MYERS, Abraham Charles was born in May 1811 in Georgetown, South Carolina, United States, United States. Son of the Charleston lawyer Abraham Myers.
Graduated from the United States Military Academy, 1833.
He graduated thirty-second in a class of forty-three from the U.S. Military Academy in 1833, accepted a commission as a second lieutenant, and was stationed at Baton Rouge, Louisiana, the same year. Myers was Jewish. In the 1850s, he married Marion Twiggs, daughter of General David E. Twiggs. They had children. A professional soldier, he served in the Indian wars in Florida in 1836-1838 and 1841-1842.
He was made a captain in the Quartermaster Department in 1839, and during the Mexican War, he was breveted a major at Palo Alio and a colonel at Churubusco. In 1848, he was named chief quartermaster of the army in Mexico. He continued to hold various military duties in the Southern states for the next thirteen years.
He resigned his commission on January 28, 1861. He volunteered for service in the Confederate Army, and on March 15, 1861, President Davis named him quartermaster general of the Confederacy. Myers served until August 10, 1863.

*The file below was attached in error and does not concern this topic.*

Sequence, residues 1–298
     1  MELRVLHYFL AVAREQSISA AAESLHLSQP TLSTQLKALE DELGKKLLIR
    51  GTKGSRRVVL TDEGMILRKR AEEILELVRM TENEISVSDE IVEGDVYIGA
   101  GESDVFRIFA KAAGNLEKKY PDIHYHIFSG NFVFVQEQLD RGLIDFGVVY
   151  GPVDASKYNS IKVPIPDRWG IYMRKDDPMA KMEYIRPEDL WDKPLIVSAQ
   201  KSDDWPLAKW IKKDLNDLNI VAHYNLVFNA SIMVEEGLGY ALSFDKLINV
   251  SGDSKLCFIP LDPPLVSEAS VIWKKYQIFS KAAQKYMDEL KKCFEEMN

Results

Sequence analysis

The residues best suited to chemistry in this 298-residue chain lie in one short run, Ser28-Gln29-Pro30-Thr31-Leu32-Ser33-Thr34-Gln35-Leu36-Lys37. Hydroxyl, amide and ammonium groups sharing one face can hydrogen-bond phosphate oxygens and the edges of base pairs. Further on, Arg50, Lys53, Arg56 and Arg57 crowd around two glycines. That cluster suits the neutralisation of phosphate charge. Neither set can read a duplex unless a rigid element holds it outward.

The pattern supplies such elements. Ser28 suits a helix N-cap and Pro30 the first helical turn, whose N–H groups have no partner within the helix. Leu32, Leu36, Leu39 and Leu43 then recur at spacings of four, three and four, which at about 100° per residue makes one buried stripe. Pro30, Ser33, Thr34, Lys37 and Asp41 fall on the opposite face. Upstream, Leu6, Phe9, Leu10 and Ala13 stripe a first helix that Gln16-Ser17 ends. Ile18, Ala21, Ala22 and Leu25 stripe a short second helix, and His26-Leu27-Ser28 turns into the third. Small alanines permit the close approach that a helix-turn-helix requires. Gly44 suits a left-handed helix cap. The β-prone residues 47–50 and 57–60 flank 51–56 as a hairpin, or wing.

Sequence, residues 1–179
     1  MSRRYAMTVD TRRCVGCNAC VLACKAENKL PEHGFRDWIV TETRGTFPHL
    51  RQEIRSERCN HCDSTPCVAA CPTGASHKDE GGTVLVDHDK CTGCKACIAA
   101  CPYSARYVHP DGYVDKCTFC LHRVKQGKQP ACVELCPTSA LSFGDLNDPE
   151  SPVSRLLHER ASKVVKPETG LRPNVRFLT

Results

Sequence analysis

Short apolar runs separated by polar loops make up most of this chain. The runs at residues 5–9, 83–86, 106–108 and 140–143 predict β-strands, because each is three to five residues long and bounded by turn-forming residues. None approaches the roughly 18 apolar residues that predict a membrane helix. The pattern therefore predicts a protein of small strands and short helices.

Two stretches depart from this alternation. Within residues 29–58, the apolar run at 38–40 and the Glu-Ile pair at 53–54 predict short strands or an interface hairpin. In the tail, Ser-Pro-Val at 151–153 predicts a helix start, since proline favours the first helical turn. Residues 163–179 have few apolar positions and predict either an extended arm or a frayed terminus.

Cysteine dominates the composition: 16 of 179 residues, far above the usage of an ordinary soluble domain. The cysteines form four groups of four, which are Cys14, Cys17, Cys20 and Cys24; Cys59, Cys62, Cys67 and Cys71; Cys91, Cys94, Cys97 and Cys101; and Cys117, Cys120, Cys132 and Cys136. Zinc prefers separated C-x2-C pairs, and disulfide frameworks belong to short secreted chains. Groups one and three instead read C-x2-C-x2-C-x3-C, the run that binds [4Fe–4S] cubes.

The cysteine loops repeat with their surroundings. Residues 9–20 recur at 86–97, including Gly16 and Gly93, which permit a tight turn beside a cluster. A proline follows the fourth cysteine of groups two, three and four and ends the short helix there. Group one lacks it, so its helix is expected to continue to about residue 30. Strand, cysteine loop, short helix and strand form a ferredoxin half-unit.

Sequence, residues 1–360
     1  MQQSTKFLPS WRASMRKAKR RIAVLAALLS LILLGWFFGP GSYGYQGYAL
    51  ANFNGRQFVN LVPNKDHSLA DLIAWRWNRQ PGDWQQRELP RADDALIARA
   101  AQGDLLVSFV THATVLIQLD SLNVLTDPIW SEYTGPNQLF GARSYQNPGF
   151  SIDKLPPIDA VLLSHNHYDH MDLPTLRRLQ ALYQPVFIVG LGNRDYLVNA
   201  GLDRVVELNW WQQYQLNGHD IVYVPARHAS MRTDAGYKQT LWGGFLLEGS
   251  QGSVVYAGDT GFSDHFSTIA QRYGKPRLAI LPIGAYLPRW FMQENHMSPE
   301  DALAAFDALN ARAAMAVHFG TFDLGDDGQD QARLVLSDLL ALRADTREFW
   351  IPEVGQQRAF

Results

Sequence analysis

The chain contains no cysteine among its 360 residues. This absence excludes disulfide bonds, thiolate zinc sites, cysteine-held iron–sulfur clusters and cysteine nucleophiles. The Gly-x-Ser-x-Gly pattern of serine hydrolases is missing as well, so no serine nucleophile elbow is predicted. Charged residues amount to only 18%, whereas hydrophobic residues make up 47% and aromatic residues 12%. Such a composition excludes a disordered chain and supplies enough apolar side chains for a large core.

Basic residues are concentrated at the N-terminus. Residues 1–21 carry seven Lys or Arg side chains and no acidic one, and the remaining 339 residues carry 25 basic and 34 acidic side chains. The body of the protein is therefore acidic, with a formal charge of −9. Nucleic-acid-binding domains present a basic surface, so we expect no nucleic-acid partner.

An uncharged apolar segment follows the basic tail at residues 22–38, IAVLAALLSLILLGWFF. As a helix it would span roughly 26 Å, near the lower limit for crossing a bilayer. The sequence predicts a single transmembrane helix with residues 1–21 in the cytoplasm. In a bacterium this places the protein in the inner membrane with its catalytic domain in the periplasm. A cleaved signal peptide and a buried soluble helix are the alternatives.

In this capacity he procured supplies and established government shops. He opposed impressment but was forced to practice it. Unfortunately, he was never able to provide adequately for the armies, nor could he overcome problems with his subordinates.
After he was superseded in his position, he left for Georgia, impoverished and hating President Davis. He held no further office in the Confederacy. When the war ended, he traveled in Europe until 1877 and later came to Lake Roland, Maryland.
He moved to Washington, D.C., and died there on June 20, 1888.
"Peculiar institution" of slavery was not only expedient but also ordained by God and upheld in Holy Scripture.
Stands for preserving slavery, states' rights, and political liberty for whites. Every individual state is sovereign, even to the point of secession.